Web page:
Wal-Mart Stores Inc. (NYSE: WMT) has just pumped up the pressure on its competitors in the pharmacy business. The retailing giant has announced a joint program with Humana Inc. (NYSE: HUM) to offer a Medicare Part D prescription drug plan that cuts the premium payment for Medicare participants roughly in half.
Several years ago, Wal-Mart introduced its $4 generic drug pricing, forcing competitors like Target Corp. (NYSE: TGT), CVS Caremark Corp. (NYSE: CVS), and Rite Aid Corp. (NYSE: RAD) to follow suit or get left behind. This new prescription drug plan could have the same effect.
Under the Humana Walmart-Preferred Rx Plan, a participant would pay $14.80 per month to purchase the insurance. If a customer uses a preferred pharmacy, say Wal-Mart’s, co-payments could be as low as $2.00 for generic prescription drugs. Generic prescriptions filled through Humana’s home-delivery service may have no copayment at all.
The companies stress their customer-centered beneficence, but as always, there is more to the issue. This plan really does reduce the premium payments for Medicare Part D. Customers stand to save as much as $450 annually on the cost of Medicare Part D insurance. That is real money to most retired people. Of course that is no loss for either Wal-Mart or Humana because after the copayments, Medicare pays the rest of the cost of the drug. Who pays matters less than how much gets paid, and that doesn’t change.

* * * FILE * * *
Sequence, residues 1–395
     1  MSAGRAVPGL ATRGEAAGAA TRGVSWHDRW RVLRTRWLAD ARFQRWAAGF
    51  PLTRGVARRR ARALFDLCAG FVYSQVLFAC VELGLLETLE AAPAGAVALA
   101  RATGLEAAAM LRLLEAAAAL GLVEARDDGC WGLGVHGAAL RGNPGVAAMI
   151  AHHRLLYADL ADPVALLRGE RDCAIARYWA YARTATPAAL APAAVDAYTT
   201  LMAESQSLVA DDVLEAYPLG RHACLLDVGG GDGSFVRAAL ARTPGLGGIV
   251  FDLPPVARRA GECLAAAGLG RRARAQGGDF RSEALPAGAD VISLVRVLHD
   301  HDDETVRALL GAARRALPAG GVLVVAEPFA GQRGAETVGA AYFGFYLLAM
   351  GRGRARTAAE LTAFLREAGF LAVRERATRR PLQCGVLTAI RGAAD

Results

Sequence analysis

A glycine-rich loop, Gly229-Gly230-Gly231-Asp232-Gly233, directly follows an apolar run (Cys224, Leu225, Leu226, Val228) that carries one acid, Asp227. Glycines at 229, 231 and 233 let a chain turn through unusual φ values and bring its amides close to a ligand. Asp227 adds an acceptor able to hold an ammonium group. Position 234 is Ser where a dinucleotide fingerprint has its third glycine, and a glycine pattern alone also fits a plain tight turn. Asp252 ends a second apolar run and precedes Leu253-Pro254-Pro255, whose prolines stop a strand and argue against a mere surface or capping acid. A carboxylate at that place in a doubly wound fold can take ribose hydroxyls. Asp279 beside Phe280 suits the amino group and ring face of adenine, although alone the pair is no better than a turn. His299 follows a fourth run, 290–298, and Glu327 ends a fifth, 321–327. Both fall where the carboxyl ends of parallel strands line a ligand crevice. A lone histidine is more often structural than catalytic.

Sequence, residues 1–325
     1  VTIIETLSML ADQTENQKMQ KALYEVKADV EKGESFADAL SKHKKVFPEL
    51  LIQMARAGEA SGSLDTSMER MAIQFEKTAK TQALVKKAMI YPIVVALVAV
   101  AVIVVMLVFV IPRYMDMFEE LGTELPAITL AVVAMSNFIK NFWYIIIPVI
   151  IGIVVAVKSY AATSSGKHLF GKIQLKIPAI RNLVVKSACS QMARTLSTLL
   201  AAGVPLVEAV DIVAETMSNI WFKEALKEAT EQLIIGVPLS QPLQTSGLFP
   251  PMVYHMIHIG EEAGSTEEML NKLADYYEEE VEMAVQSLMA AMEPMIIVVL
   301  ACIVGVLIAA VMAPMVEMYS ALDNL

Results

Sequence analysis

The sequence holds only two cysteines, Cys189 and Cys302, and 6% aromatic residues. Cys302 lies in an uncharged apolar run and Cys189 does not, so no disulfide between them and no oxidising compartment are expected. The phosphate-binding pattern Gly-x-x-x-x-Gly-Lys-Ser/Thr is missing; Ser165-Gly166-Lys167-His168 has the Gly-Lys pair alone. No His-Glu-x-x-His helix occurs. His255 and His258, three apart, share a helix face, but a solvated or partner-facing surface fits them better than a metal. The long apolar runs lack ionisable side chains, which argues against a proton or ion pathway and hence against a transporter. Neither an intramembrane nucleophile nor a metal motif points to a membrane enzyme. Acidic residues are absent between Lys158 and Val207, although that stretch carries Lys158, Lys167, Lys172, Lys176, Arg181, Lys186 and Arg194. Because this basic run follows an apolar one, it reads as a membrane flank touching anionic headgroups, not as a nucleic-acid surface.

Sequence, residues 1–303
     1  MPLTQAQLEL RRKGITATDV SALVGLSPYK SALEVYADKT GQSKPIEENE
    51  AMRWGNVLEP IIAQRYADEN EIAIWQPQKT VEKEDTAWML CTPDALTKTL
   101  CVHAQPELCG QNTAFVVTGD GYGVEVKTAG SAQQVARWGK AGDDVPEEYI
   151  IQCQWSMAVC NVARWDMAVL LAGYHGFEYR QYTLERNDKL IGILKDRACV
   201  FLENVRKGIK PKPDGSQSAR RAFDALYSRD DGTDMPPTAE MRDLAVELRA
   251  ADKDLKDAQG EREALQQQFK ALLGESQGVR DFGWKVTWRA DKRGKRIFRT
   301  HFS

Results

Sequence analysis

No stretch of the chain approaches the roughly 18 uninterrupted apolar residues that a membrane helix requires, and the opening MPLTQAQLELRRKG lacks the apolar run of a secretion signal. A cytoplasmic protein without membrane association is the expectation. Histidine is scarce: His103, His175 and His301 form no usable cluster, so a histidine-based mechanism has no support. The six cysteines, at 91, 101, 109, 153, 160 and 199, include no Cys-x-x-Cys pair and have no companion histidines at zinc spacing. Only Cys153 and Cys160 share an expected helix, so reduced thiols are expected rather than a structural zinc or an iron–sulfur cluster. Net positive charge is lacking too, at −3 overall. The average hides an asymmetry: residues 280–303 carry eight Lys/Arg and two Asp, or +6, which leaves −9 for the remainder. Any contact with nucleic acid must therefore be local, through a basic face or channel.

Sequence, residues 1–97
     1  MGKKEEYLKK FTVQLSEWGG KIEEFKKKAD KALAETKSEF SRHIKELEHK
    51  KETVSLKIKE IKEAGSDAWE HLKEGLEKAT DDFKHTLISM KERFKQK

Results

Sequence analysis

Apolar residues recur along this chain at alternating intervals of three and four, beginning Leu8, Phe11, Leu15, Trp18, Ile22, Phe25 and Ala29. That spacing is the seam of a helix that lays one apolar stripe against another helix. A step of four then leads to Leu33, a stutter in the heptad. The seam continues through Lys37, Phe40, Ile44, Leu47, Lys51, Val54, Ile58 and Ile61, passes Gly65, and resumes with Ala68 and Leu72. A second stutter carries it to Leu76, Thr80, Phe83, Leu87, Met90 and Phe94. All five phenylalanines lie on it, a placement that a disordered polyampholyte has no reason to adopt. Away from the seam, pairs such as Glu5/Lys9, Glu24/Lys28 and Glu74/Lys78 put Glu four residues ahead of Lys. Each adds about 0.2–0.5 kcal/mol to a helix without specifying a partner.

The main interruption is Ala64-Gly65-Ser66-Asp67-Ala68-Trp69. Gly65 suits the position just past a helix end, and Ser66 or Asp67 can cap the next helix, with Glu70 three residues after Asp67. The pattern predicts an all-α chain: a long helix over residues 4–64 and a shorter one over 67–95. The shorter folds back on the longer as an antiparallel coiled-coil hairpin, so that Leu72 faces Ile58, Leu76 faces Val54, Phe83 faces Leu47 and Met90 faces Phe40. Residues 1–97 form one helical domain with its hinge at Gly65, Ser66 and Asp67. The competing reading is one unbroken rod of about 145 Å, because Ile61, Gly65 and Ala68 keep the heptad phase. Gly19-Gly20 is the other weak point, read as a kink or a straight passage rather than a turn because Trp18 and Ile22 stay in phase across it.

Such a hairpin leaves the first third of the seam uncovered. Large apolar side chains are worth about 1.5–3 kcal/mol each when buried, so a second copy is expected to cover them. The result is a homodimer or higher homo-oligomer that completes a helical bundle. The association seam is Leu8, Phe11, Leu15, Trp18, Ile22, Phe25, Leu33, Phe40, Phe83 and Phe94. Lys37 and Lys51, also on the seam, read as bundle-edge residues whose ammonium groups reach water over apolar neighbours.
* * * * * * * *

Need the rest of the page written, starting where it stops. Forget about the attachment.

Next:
The plan does nothing about the ‘donut hole’ gap in Medicare Part D coverage. That is, the plan pays up to $2,830 in total drug costs, after which the patient pays 100% of drug costs up to a total of $4,550 out of pocket. The ‘donut hole’ will close slowly through 2020, by which time Medicare patients will pay only 25% of costs out of pocket. In 2010, Medicare patients will get a $250 rebate if they top the $2,830 threshold, and in 2011 they’ll receive a 50% discount on brand name drugs while in the ‘donut hole’.
The new Humana-Walmart plan will benefit Medicare participants because it is cheaper than anything else out there. A potential issue is that it seems to offer nothing new or unique in what it actually pays for. Healthcare reform is bringing about many interesting twists as it continues to unfold.